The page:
School Daze (or Back to School Again)
by Ron Huxley, LMFT
Some children find school an exhilarating challenge, while others are overwhelmed. Parents of young children can help them by being more involved in school. If you have the time or a flexible work schedule, you can participate in the classroom one day a week. This affords you the opportunity to observe your child and to help the teacher, who probably has his or her hands full. You can see what problems your child has adjusting to the school routines and find ways, by modeling the teacher, to help your child. Your presence also gives the younger child a feeling of security to know mom or dad is close by. Unfortunately some parents do not have this flexibility to take off a day and participate in their child’s classroom. You can still stay involved by attending parent/teacher conferences, calling the teacher periodically to see how your child is doing, and keeping informed about overall school events as well as your child’s individual performance.
Parents can also reduce their child’s school daze by helping them learn good study skills and overcome homework malaise. Self-discipline can be a difficult trait to build, but it is crucial to academic success. While IQ is important, a child’s feeling of confidence in herself and her ability to master a subject is also critically important. Make sure your child knows how to study and finds it a positive, rewarding experience. You can do this by using the “Homework Hassles” parenting tool. In addition, you should encourage children’s natural curiosity to learn. Provide opportunities to discover new things. Get excited about your child’s projects, both at home and school. Post school work on the refrigerator door as if they are pieces of famous artwork. And talk regularly with your child about his feelings about school. Is he afraid of another student? Does he think the teacher is nice or mean? What is it like riding the bus, or eating school cafeteria food, or playing at recess? Who are his friends and why does he like them? Even busy parents can find time for these discussions.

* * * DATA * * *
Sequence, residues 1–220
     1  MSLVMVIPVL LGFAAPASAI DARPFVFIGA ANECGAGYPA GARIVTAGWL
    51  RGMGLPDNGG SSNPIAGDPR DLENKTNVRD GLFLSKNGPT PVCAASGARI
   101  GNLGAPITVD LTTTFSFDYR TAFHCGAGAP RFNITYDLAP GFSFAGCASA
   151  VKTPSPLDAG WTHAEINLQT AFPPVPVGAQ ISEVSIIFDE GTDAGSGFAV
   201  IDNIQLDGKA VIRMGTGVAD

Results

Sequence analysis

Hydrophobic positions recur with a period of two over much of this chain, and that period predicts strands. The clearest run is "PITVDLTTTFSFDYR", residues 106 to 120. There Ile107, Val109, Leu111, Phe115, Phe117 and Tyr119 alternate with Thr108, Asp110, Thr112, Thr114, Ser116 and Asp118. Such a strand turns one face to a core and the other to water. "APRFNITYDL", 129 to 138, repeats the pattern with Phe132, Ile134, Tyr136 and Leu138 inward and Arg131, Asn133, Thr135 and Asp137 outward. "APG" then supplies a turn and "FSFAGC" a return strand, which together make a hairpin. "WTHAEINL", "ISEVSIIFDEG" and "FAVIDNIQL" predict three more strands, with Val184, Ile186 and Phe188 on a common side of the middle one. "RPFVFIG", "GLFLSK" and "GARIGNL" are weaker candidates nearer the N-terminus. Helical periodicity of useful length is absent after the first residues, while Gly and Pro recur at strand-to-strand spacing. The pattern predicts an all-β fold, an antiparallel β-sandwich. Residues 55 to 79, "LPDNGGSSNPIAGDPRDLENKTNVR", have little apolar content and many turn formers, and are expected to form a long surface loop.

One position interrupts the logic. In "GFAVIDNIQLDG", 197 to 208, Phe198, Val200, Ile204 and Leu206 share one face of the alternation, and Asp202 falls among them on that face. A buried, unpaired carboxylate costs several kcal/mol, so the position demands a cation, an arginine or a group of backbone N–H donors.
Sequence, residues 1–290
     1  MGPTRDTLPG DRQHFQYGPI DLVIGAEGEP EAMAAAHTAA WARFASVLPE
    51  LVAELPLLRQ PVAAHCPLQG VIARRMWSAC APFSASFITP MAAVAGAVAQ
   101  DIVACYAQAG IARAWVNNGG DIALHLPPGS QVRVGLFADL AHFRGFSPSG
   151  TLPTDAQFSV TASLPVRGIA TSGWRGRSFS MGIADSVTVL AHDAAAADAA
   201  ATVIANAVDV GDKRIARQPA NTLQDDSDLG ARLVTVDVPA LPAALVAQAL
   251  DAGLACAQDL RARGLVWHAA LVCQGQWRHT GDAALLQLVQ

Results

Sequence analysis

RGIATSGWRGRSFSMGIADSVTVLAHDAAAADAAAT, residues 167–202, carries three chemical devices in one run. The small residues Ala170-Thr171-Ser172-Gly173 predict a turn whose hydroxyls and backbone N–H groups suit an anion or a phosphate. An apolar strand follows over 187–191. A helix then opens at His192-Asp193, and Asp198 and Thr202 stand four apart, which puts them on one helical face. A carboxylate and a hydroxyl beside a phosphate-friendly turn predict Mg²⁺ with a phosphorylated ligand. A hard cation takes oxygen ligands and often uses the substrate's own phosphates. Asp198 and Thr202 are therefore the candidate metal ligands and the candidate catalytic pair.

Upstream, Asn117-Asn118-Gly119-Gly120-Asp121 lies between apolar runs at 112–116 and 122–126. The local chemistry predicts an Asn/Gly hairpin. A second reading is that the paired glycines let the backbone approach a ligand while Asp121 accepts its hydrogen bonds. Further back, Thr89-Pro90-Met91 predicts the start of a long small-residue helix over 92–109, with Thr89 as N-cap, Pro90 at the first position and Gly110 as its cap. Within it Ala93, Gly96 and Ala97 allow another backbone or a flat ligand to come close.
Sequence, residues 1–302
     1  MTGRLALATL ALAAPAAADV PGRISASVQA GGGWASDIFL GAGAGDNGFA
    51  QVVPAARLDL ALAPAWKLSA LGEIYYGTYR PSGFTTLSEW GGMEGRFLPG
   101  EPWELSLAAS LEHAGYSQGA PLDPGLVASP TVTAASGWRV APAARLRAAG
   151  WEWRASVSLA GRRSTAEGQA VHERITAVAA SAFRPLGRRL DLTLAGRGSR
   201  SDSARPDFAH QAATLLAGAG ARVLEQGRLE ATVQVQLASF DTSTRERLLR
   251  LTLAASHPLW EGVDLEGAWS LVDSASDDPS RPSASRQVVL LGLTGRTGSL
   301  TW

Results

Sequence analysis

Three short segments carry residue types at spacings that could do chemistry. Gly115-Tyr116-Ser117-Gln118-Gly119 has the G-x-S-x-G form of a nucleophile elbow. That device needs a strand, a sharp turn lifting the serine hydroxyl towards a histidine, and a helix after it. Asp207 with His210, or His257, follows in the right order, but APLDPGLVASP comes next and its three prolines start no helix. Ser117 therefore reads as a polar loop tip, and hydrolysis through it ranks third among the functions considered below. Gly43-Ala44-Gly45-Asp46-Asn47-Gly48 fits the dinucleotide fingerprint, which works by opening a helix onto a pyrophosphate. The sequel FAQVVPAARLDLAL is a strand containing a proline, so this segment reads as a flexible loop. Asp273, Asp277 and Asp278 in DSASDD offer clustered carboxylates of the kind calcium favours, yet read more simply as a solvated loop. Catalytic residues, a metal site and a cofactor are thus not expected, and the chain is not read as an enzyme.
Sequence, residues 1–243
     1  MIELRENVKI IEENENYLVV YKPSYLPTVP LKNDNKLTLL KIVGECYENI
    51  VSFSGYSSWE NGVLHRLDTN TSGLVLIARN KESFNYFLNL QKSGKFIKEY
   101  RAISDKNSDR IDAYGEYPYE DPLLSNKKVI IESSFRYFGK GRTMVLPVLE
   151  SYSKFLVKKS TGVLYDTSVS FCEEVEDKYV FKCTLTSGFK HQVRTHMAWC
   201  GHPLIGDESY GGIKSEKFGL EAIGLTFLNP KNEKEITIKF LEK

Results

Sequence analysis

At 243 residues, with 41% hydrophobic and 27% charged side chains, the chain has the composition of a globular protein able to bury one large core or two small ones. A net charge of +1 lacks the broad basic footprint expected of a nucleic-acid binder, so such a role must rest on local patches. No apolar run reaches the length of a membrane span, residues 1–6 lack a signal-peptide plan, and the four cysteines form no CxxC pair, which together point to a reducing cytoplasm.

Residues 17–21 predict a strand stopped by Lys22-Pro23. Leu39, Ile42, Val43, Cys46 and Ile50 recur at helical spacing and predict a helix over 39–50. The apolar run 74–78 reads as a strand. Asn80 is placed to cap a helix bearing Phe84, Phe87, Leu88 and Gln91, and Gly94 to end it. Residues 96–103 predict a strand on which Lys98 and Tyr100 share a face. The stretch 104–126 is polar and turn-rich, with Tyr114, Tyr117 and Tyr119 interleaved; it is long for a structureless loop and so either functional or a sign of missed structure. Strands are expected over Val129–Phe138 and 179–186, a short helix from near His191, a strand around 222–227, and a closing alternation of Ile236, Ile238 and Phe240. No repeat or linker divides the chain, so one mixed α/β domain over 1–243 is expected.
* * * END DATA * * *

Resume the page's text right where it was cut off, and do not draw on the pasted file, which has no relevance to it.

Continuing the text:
Use communication parenting tools to validate a child’s feelings about school without getting caught up in them at the same time. Remember that empathizing with a child (hearing about feelings and acknowledging their validity) is different from sympathizing with a child (feeling what they feel, be it mad, overwhelmed, or dazed). The former allows the parent to help solve problems while the latter get parents caught up emotionally in the problem.